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UW students take on summer internships worldwide, from Colombia to South Africa

August 22, 2023 By Seth Kruger
A woman is shown with a cow.

Anita Anongdeth worked as an intern with Kidlinks Small Farm Incubator in East London, South Africa, this summer. Submitted photo

As a part of the University of Wisconsin–Madison’s expansive International Academic Programs (IAP), Badger students traveled across the world over the 2023 summer term to learn, intern and develop their professional skills.

IAP offers experiences in 67 countries for UW–Madison students from all majors and academic levels. Through the IAP website, Wisconsin students can explore opportunities to study and intern abroad, matching experiences to their areas of interest. 

Meet two UW–Madison students who took part in incredible summer experiences with the support of the international internships team.

A woman is shown holding a chicken.

Anita Anongdeth learned about interning abroad from their advisor and applied to intern with Kidlinks Small Farm Incubator in East London, South Africa. Submitted photo

Anita Anongdeth learned about interning abroad from their advisor and applied to intern with Kidlinks Small Farm Incubator in East London, South Africa. Similarly, Natalia Betancourt Rodriguez learned about the One Health Center Summer Research Internship through Global Health Institute Director Jorge Osorio, her mentor who helped found the One Health Center in Medellín, Colombia.

Anita, a rising senior and horticulture major whose studies focus on food science and organic farming, has been able to learn about and help develop value-added products and sell them under proper licensing and permits.

“I’ve been doing a lot of recipe research and testing which has been really fun,” they said. “I also have been shadowing one of the team members with her community outreach, which was not part of the job description, but I’ve been really enjoying it!”

Natalia, a rising senior with a double major in biochemistry and global health, has gained hands-on experience in a cutting-edge technology lab.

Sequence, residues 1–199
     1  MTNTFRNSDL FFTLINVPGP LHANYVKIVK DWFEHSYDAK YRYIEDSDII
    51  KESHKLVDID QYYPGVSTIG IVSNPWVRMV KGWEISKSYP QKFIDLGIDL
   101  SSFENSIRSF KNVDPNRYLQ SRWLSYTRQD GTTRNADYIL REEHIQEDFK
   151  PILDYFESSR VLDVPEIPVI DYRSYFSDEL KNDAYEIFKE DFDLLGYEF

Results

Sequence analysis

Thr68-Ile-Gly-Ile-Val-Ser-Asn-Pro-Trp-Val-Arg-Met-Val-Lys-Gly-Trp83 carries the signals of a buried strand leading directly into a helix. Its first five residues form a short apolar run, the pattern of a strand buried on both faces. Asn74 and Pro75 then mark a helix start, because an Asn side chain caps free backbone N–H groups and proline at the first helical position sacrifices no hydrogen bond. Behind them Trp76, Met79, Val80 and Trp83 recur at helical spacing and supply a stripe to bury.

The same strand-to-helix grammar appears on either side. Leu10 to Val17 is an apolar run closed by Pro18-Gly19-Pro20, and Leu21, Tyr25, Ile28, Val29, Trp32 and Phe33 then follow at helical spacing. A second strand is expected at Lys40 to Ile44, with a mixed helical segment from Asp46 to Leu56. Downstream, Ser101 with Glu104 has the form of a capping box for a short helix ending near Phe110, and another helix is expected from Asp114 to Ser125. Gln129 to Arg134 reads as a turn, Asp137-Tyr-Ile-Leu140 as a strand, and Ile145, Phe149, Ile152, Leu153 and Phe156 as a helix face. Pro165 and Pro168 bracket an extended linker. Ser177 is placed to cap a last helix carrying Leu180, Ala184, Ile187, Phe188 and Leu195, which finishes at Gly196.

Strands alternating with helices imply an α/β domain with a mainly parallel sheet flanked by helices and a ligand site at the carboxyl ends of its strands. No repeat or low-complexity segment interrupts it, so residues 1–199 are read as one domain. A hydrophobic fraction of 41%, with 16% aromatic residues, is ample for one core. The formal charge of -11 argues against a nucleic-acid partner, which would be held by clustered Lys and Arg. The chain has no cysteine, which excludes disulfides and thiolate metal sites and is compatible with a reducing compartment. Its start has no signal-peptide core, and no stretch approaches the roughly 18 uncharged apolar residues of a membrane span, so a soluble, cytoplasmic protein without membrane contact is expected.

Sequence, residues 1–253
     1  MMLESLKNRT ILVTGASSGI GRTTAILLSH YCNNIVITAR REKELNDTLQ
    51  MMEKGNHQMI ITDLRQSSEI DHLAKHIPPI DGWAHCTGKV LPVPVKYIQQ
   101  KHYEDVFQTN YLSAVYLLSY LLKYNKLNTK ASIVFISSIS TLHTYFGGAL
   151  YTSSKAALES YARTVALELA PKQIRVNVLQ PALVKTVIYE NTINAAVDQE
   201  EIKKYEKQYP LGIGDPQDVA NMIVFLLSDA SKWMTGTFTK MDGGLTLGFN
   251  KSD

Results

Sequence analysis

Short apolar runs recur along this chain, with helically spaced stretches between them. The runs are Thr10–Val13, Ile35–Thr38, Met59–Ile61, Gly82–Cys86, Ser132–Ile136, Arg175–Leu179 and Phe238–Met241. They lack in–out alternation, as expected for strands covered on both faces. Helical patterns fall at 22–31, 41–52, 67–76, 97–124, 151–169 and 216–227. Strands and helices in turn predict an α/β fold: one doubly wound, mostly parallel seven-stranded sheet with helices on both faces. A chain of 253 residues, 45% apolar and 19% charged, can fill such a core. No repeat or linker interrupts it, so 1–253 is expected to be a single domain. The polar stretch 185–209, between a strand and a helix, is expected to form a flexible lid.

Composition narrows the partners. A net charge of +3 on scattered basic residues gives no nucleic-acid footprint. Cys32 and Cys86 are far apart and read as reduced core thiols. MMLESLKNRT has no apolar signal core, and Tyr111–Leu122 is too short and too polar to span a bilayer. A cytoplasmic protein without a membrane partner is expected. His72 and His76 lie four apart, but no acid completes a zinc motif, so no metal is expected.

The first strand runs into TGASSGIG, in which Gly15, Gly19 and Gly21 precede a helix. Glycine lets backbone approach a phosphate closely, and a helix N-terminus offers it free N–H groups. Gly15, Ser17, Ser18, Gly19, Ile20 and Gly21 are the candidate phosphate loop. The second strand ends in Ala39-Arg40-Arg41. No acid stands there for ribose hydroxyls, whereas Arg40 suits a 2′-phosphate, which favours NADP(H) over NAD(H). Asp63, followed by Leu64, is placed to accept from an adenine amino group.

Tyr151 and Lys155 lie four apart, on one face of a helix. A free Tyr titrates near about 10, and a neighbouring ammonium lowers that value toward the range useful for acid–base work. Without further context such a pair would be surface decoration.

Natalia Betancourt Rodriguez, at left, interned at the One Health Center Summer Research Internship in Medellín, Colombia. Submitted photo

“During the internship, I was able to apply molecular biology techniques to aid in a research project geared towards the discovery of novel pathogens,” she said. “Outside of the work environment, we were also able to learn about the vibrant city of Medellín and attend cultural events.”

Learning about new cultures and cities has proven to be just as valuable as the internship work itself.

“I think that the most interesting thing has been the exchange of culture and being able to learn about various traditions in the villages in the area,” Anita said. “I was invited to a celebration where a boy had been initiated to a man. It’s just unlike anything I’ve known before and was amazing to be able to see.”

Even still, there are undoubtedly links between the internship work and learning about a new culture.

Natalia Betancourt Rodriguez interned at the One Health Center Summer Research Internship in Medellín, Colombia.

Colombians are very collaborative and open to sharing different laboratory techniques and tips. Americans in this sense are more reserved and individualistic, having more hesitation about sharing details and focusing more on what needs to get done,” Natalia said. “Colombians are extremely welcoming and open, so it was very easy for me to form deep connections with my colleagues,” she added.

As a part of their overseas internship experiences, both Badgers were able to do a takeover of the UW–Madison international internships Instagram account to share their experiences, while also displaying a bit of the fun side of their day-to-day experiences. 

“I felt excited to share my experiences with the university and the public. I also sort of felt like an influencer for a week, which was fun,” Anita said. 

“I was happy to share little sneaks of Colombian culture and the work dynamic at the lab,” Natalia added.

The program is rewarding, but figuring out program logistics can be a daunting task. Finding the right location, internship, timeframe, funding and more are all key parts that must be aligned in order to successfully spend time abroad with UW–Madison.

But it’s achievable, and not nearly as scary as it sounds. Anita said.

“I would apply for as many scholarships as you can. There are so many scholarship opportunities and most are just a quick, short essay,” they said. “I also would recommend still applying to programs you may be interested in, even if you’re too nervous to commit.”

Essentially, it’s worth it.

“Always be open to new experiences, try the traditional foods, ask locals about their daily lives, attend cultural events, read about the country’s history, etc.,” Natalia said. “As interns, we have the responsibility to adapt to and respect the culture that is adopting us. It is not a mere touristic practice, it is a cultural exchange, and if we take advantage of our opportunities there, we can have a deeply enriching and transforming experience.”

Opportunities like Anita’s and Natalia’s are available in spring and summer terms at UW–Madison, and they are programs that they feel everyone should have the opportunity to experience during their time at the university.

“My experience abroad has taught me a lot about myself and how to navigate new people and cultures, and for that I’m very grateful to have been able to come,” Anita said.

To explore the international internship opportunities available to UW–Madison undergraduate students, visit or connect with an intern abroad advisor.